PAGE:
There have been times, after Brent Carmichael moved to Texas from Iowa and he had been out and about with his 26-year-old son, Artez, who has autism, when there has been a little trouble.
“Several times we’ve been stopped in a traffic stop, and he’s seeing the lights and he wants to get out of the car,” Carmichael said.
In other words, the kind of reaction to law enforcement that can — and has — sent a routine call cascading toward tragedy.
But Carmichael, a former professional basketball player who has organized autism conferences and championed other causes for people with autism, knew what to do. He put together a partnership to bring respected trainer Dennis Debbaudt to North Texas to offer a free class for first responders, health care workers and other professionals.
Co-sponsored by the new Texas Autism Research and Resource Center at the University of North Texas, the class will be held Aug. 13 at UNT.
When Debbaudt wrote his first autism bulletin for the FBI in 2001, he found research showing that people with developmental disabilities are seven times more likely to have contact with law enforcement than a member of the general community.
Since then, autism rates have continued to increase. This spring, a report from the Centers for Disease Control and Prevention put the current rate of autism at one in 88 births.
When Debbaudt first began training sessions in the 1990s, a few hands would go up after he’d asked a room with 100 people whether they had heard the word “autism.”
Today, he says he couldn’t ask that question with any credibility. Instead, he asks whose life has been touched by autism, and 30 or 40 hands go up. Then he asks who has a family member with autism.
“Still, about 20 hands go up,” Debbaudt said.
The training spends a little bit of time explaining autism and how a first responder is going to know, in the field, whether a person might have it. No one expects first responders to do a field diagnosis but, he said, there will be clues — a puzzle piece magnet on the car or a neighbor coming out to share information.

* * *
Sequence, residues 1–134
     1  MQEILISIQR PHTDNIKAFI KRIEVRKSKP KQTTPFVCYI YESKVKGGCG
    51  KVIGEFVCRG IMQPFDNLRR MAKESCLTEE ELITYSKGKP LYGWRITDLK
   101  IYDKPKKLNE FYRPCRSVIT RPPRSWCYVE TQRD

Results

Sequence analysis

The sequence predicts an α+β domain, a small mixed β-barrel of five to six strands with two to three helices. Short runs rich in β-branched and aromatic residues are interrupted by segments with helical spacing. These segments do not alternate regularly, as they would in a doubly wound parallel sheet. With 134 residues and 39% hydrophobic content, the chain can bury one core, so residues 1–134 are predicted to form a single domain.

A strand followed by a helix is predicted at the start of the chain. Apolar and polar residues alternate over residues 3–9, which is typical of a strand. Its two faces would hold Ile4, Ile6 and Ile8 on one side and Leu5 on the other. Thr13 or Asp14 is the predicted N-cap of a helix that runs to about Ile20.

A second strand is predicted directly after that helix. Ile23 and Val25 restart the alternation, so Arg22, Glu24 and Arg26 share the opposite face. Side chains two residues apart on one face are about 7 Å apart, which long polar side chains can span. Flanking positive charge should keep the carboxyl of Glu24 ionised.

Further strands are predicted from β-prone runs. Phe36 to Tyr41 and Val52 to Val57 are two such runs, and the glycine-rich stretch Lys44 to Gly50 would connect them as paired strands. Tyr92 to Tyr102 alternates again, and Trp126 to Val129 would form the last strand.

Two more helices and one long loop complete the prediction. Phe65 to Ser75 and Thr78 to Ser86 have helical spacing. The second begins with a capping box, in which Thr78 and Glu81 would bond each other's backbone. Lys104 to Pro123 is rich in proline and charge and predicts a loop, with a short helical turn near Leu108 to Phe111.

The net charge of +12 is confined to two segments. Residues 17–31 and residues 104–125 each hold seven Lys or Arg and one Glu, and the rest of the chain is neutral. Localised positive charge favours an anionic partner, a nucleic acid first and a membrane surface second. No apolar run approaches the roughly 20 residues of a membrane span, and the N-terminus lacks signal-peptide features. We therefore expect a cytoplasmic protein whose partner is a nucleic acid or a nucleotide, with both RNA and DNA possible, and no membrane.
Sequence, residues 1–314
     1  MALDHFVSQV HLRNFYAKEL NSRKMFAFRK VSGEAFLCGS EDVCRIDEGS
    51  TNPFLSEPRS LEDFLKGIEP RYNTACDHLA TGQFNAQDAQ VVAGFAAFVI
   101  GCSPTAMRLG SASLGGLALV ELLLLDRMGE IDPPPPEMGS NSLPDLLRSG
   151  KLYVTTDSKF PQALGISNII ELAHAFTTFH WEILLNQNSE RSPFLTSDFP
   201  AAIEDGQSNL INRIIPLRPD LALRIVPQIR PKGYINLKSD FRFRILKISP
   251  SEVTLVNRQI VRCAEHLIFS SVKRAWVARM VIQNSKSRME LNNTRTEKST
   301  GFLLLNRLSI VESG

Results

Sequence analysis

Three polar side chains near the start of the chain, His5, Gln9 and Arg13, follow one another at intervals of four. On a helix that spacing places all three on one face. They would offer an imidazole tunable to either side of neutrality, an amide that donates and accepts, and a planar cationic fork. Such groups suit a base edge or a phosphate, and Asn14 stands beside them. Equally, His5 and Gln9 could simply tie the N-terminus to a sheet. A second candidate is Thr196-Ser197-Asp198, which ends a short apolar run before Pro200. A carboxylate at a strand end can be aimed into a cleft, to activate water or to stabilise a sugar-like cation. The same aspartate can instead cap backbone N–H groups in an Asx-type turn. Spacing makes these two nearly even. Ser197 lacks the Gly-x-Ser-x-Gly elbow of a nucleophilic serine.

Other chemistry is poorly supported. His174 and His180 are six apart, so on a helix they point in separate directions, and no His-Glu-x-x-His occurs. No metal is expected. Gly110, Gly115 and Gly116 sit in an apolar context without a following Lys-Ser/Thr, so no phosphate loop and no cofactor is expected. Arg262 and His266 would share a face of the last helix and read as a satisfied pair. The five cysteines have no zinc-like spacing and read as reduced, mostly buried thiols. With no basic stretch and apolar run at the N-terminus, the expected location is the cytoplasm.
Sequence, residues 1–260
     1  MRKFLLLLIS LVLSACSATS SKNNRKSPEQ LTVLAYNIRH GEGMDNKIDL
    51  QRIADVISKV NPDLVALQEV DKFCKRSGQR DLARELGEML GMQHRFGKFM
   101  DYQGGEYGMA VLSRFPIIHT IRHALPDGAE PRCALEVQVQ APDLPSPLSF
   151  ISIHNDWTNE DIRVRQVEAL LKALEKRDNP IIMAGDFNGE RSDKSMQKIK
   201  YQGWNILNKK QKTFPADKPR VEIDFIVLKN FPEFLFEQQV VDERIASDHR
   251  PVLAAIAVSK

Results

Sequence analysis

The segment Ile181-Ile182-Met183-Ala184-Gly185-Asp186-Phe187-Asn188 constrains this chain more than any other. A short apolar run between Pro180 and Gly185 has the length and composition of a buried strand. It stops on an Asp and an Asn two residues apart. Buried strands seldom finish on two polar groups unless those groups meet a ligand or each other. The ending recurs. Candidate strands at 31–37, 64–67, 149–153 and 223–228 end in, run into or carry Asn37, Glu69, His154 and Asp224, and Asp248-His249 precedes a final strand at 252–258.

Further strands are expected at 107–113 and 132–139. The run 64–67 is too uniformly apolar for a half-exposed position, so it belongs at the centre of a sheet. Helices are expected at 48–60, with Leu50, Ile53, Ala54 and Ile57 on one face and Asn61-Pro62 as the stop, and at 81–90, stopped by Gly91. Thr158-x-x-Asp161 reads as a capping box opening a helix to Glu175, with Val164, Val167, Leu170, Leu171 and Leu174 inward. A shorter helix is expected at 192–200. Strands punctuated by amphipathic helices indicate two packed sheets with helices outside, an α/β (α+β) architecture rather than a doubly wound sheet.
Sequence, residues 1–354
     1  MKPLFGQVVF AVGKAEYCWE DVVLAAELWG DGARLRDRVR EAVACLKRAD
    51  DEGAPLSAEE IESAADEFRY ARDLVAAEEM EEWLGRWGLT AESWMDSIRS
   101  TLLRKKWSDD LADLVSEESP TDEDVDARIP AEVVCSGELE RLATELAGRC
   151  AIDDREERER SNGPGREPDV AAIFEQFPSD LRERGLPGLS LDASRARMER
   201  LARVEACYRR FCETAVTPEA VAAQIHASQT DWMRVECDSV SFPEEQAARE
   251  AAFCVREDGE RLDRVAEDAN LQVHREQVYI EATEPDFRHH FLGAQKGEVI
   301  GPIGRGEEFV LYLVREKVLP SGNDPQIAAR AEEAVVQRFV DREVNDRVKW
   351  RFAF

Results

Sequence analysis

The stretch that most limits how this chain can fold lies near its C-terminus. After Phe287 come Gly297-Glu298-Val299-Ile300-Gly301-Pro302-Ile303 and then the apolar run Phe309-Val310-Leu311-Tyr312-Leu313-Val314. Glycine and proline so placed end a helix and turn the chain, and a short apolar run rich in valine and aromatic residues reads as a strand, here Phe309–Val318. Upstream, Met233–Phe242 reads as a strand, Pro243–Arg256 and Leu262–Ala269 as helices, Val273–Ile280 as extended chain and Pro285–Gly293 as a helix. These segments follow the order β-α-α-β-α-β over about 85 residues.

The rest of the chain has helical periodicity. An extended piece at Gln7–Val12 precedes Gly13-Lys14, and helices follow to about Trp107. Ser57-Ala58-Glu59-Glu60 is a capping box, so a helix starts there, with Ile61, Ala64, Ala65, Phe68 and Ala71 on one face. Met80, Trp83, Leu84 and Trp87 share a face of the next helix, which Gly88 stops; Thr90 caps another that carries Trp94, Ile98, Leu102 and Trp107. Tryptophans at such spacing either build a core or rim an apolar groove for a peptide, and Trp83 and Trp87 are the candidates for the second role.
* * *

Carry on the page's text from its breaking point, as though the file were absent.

The training also includes videos and descriptions of common and predictable situations.
Wandering is a frequent problem, and is one that claims lives of people with developmental disabilities every year, Debbaudt said.
Another comes when a parent or caregiver may be giving a high level of care to someone with autism who is having trouble with sounds, noise, lights or odors out in public. But it looks to others like an assault, and “those lead to a lot of 911 calls,” Debbaudt said.
The training focuses on safety for the first responder and, in many ways, adapts many of the techniques used by special weapons and tactics teams — securing a perimeter, focusing communication, using techniques and taking time to de-escalate the situation.
He tells first responders that a call for assistance concerning a person with autism is going to take longer. Most people can get control of themselves once they see that a threat has been removed, but people with autism often need more time.
“The adrenaline just has to flow out,” Debbaudt said.
The class will include communication and interviewing techniques. It will last about five hours and can be taken for training credits. Debbaudt and his team also offer a 40-hour class that has more in-depth training for crisis intervention teams.
He hopes the community might be inspired by the Ottawa (Ontario) Police Service, which not only put autism alert information into its 911 database, but also set up a registration system that worked with officers’ in-car laptops.
In that Canadian city, families of people with autism use decals to identify places their loved one might be — the family car, a school bus, a recreation center — with a unique number that lets police know how to respond to that individual in an emergency.
The registration system went from a pilot program to permanent after they documented that it had saved lives, Debbaudt said.
The training is meant for first responders and health care workers, but teachers, parents and other community members are welcome, Carmichael said.
PEGGY HEINKEL-WOLFE can be reached at 940-566-6881. Her e-mail address is email@example.com.
IF YOU GO
What: Free autism training for first responders and health care workers
When: 8 a.m. to 1 p.m. Thursday, Aug. 16
Where: Wooten Hall Room 122, University of North Texas